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[Reported Fitz. Ab. Wast, pl. 30.) Waste, and it was found by the inquest, where it was pleaded for the party that there was no waste, that as to a kitchen, it was burned by a strange woman without the knowledge of the defendant (because he was living elsewhere); and that to rebuild this kitchen he cut the oaks in the woods and hedges near the close; and that the house is now better than it was before the fire; and that he had also cut down a certain number of oaks in the woods and hedges near the close and sold them, and had cut down some to repair the houses, and had cut down one which lay there yet unsold.
Pole prayed judgment on the verdict for the plaintiff because all that is found should be adjudged waste by the form of his plea, where. fore the defendant ought to have pleaded this matter if he wished to have availed himself of it.
WILUGHBY [C. J.]. The fire is waste for the want of good watch.
THORPE [J.). Now lately here on a writ of waste it was found by an inquest taken on default that the Welsh arrived on the sea-coast and burned a manor, and it was adjudged no waste, so here.
WILUGHBY [C. J.]. Against the Welsh the party can never have disturbance. But do you think if your household [? main] lodges a stranger who puts the houses in fire and flame, that that will not be adjudged waste? As if he would say it was. Wherefore the fire is adjudged waste, and so the kitchen is wasted ; but the cutting to repair the house is not waste, and as to that which is cut and not sold, that is waste, and that which is cut for repairs, although it was not pleaded, is adjudged no waste, wherefore the court awards that the plaintiff recover the place wasted and treble damages.
THE ABBOT OF SHIRBOURNE'S CASE.
COMMON PLEAS. 1411.
[Reported Year Book, 12 Hen. IV. 5.] THE Abbot of Shirbourne brought a writ of waste."
Norton traversed the waste except in a barn, and said that half of the barn had fallen before the lease, and as to the other half, he said that it was unroofed by a sudden storm, and before he could roof it, the plaintiff entered on him and was seised on the day of the purchase of the writ, and he demanded judgment, if he could maintain an action for this waste.
i Part of the case is omitted.
Skrene. We have alleged that he has done waste in a barn, which we let to him, and he says that the waste was made in one half before the lease, which is no answer to our action because, &c., and if he has made a new barn there himself, and waste has been done in that, our action is maintainable.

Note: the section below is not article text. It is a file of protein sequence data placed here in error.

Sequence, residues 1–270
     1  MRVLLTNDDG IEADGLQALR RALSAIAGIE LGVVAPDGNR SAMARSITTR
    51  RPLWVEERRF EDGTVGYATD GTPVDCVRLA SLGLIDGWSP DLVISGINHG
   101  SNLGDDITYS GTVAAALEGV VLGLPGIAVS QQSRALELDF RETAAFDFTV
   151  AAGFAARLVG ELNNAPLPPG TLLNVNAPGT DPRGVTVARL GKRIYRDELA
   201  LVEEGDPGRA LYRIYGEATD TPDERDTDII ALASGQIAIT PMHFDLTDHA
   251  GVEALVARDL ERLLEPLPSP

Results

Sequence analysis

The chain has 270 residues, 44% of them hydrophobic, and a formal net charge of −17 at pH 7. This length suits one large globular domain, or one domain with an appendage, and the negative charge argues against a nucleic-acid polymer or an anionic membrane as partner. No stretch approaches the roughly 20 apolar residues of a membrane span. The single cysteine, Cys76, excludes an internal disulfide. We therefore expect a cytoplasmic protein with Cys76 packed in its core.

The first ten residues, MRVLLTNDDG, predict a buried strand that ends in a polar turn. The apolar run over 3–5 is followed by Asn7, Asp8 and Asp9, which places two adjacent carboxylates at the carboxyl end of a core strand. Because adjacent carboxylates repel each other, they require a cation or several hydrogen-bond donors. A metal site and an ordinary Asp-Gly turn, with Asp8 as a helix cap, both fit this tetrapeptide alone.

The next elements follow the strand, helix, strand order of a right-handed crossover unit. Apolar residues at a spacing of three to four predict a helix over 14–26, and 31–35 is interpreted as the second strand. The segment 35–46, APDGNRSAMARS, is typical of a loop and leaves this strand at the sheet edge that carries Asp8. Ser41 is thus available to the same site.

HILL [J.]. If the matter is so, allege it on your part, for his answer is good.
Skrene. Well, then as to the other half his plea is double, one is the sudden storm, the other is our entry on him, wherefore we pray he may be held to one of them.
Hill [J.]. The plea is not double, because the effect of this plea is
Skrene. If I traverse the entry, he will rely against me [reliera sur moy] on the sudden storm, which excuses him from waste ; for if I let houses for a term of years, and they are unroofed by sudden chance, I
Hill [J.]. What you say is not law, for although at the beginning it will not be adjudged waste made by him, but by the act of God, yet if he suffers the house to be unroofed, by reason of which the timber is injured, he shall answer for this waste, because it is his own fault, and by law he is bound to roof the house.
Skrene. If the whole house is blown down by a sudden wind, I shall not make a new one.
Hill (J.]. I grant it; but when the timbers are standing, which are the substance of the house, and they fall for lack of roofing, it is clearly waste.
HANKFORD [J.] If I do waste in tenements which I hold for term of years, and within the term I am put out by the lessor, it is a question whether he has an action of waste or not, namels, during the term; and it is proved here by the count that the term still continues; and yet if he wishes to say that the houses were unroofed hy your fault and not by a sudden wind, he will be concluded by the entry which he made without cause, wherefore the plea seems double.